Delta Irrigation Enhancement Project – Delta, British Columbia

Delta-mapThe Corporation of Delta’s irrigation system relied on gravity water intakes at multiple locations along the approximately 15-kilometre (km) tidally influenced segment of the lower Fraser River. Due to the tidal influence, the availability of suitable water for irrigation depended on tide elevations and the salinity level of the Fraser River water, which gradually decreases over distance from the Pacific Ocean. Water was distributed mostly by gravity, with the support of two irrigation lift stations to approximately 3,000 hectares (ha) of irrigated land, or slightly less than half of the 6,300 ha of cultivated land in Delta. Demand estimates indicated that the irrigated portion of the cultivated land will increase from less than half to more than 75% in the future.

Delta Irrigation Enhancement ProjectThe objective of the Delta Irrigation Enhancement Project (DIEP), an element of the Agricultural Enhancement Strategy of the South Fraser Perimeter Road project, is to increase agricultural productivity through enhanced irrigation water supply capacity that satisfies future demands, improves quality (salinity) of the supplied water, and improves reliability of the water supply.

After estimating future demand and its spatial and temporal distribution, the concept development for the DIEP consisted of three major milestones: the selection of a pumped intake location, definition of the major delivery routes, and identification of the key control structures. Consultation with members of the Delta Farmers Institute (DFI) and Delta was an essential element of the concept development.

Two years of monitoring the Fraser River water salinity at the most upstream gravity intake location (80Street) and a 5-km-long river segment upstream of that proved that 80 Street is the appropriate location for the irrigation water intake. The 32-km-long major delivery routes include 8 km of new irrigation channels and 3 km of closed conduits, and follows existing ditches the rest of the way. Control structures include the 80 Street Pump Station, two irrigation lift stations, three automated control gates, and several minor control structures. The 80 Street Pump Station is reversible, operating as an intake during the irrigation season and as a discharge during the drainage season, contributing to improved flood protection of the area.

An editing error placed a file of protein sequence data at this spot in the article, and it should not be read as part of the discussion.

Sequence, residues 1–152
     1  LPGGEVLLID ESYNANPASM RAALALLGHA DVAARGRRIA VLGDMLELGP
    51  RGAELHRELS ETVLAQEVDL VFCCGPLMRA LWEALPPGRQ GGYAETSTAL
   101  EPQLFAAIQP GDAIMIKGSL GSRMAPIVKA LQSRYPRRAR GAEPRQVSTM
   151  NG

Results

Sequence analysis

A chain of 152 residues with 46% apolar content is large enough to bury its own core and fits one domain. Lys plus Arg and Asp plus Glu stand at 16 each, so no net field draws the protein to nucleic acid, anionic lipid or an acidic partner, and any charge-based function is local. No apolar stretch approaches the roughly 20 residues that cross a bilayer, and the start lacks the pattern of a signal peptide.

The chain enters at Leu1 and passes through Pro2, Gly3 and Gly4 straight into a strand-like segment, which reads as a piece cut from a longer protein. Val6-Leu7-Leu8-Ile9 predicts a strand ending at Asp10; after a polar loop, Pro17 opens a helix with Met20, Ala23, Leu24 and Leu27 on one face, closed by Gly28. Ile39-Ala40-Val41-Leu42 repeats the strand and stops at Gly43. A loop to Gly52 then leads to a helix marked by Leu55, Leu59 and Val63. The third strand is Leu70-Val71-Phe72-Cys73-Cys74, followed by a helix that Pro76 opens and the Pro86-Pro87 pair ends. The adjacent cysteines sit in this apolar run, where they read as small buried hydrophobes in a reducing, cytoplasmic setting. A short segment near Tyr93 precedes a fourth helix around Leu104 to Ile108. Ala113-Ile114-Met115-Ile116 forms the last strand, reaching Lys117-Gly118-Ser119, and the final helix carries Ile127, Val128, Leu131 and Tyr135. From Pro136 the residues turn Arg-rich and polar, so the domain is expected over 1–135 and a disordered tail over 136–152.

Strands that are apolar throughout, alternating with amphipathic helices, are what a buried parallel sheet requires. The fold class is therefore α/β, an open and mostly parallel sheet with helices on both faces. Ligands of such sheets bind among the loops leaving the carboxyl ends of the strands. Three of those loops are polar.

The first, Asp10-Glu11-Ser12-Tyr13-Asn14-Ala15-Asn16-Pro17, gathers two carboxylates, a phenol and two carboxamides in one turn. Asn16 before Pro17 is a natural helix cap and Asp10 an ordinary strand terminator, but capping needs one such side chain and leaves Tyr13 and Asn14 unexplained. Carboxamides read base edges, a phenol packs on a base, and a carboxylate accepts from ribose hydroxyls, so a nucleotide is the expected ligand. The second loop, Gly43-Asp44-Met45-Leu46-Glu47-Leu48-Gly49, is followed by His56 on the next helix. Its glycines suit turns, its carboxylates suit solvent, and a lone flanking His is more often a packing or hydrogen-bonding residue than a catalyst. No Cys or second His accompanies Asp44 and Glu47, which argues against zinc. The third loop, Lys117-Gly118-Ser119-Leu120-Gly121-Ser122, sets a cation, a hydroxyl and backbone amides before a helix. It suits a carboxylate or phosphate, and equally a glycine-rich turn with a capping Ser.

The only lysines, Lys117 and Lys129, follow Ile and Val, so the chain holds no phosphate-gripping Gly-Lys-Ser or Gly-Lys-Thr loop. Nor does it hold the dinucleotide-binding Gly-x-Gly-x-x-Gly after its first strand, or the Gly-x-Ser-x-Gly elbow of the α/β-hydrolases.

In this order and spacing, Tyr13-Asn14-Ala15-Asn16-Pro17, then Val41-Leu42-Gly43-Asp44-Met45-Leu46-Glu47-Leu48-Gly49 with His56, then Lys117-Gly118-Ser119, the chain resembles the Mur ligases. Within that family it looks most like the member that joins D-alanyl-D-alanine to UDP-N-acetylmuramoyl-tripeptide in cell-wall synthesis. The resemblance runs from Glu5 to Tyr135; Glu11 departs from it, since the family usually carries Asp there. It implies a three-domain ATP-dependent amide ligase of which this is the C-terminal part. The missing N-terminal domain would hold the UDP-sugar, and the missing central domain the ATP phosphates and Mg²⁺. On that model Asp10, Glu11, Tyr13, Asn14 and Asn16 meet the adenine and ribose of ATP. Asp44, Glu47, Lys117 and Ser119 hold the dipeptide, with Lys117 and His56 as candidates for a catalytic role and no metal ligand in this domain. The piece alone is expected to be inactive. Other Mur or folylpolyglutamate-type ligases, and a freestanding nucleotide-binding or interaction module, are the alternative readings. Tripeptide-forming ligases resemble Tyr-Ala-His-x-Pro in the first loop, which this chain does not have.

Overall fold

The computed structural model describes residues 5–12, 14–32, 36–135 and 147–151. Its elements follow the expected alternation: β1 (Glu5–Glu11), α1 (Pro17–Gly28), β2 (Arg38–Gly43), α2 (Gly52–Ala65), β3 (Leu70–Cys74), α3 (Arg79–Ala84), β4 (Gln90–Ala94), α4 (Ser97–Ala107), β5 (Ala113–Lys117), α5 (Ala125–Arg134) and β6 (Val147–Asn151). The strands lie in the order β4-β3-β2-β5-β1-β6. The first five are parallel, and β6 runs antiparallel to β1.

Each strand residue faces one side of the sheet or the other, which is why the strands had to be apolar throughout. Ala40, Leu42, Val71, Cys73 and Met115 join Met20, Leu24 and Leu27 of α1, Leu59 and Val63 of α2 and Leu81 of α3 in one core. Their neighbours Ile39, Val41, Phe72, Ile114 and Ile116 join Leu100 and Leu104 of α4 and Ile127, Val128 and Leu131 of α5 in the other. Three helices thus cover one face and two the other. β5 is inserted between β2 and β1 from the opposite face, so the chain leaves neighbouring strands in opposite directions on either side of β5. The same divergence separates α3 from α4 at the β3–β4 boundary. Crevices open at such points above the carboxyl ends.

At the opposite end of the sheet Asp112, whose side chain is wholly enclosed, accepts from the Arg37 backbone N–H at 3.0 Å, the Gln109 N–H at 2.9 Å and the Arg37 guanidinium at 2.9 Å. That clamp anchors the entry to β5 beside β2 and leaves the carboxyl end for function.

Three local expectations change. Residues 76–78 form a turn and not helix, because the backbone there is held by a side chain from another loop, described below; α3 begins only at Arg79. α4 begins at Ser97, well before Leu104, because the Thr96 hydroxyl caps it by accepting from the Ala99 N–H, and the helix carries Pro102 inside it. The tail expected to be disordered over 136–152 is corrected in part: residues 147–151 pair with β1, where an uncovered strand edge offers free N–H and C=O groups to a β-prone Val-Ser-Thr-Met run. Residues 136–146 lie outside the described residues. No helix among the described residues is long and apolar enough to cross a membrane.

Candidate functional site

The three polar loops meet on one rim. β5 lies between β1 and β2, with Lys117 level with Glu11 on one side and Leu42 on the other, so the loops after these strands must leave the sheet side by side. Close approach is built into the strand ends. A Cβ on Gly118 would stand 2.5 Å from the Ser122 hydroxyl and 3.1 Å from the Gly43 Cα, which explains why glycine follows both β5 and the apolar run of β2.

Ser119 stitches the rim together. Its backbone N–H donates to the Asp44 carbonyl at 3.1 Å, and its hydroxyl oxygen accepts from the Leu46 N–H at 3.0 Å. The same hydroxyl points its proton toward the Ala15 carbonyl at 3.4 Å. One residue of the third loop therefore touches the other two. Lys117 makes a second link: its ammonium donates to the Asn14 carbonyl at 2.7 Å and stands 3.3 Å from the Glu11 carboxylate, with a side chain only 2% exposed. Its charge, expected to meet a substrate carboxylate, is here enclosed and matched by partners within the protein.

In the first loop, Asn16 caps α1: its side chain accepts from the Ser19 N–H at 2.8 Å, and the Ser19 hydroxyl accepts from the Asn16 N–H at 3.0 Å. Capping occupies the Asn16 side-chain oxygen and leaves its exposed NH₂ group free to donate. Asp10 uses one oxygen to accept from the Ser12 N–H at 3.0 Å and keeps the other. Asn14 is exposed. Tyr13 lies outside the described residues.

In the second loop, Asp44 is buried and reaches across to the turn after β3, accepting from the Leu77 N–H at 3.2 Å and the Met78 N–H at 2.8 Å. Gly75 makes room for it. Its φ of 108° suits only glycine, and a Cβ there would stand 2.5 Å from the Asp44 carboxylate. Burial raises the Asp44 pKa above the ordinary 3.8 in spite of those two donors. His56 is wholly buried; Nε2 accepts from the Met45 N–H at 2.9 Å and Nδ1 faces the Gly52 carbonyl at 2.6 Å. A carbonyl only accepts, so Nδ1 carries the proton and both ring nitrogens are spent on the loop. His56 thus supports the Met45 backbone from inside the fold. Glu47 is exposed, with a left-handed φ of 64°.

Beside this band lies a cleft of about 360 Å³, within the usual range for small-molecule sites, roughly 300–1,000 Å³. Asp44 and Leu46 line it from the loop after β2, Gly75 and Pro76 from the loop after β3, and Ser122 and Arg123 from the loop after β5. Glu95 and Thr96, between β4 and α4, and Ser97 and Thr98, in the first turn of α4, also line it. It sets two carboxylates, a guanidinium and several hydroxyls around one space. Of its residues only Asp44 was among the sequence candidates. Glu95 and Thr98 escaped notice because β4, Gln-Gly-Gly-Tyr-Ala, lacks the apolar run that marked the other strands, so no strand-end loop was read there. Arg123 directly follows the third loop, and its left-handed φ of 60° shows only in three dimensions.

The system is designed to an initial 2.1 cubic metres per second (m3/s) continuous and 3.0 m3/s peak flow capacity that could be expanded to 3.0 m3/s continuous and 4.0 m3/s peak flow in the future. The intake pump station is equipped with salinity sensors that will stop pumping when Fraser River water salinity at the intake exceeds a pre-set threshold, prevents salt water entering the system, and resumes pumping as soon as the salinity level falls below the threshold.

Big Slough Control GateThe supply system is demand-controlled and delivers water when irrigation is active anywhere in the system, but delivery is stopped when irrigation is stopped, or when ample water is supplied by summer storm events; thereby, preventing the flooding of low-lying areas. Delivery control is provided by automated downstream or upstream water level control gates, and pump operation is controlled by water surface elevations at remote locations in the system.

The Delta Watershed Model (based on an XPSWMM platform) in irrigation mode setting was used extensively for evaluating system configuration options and developing the functional design of the system.

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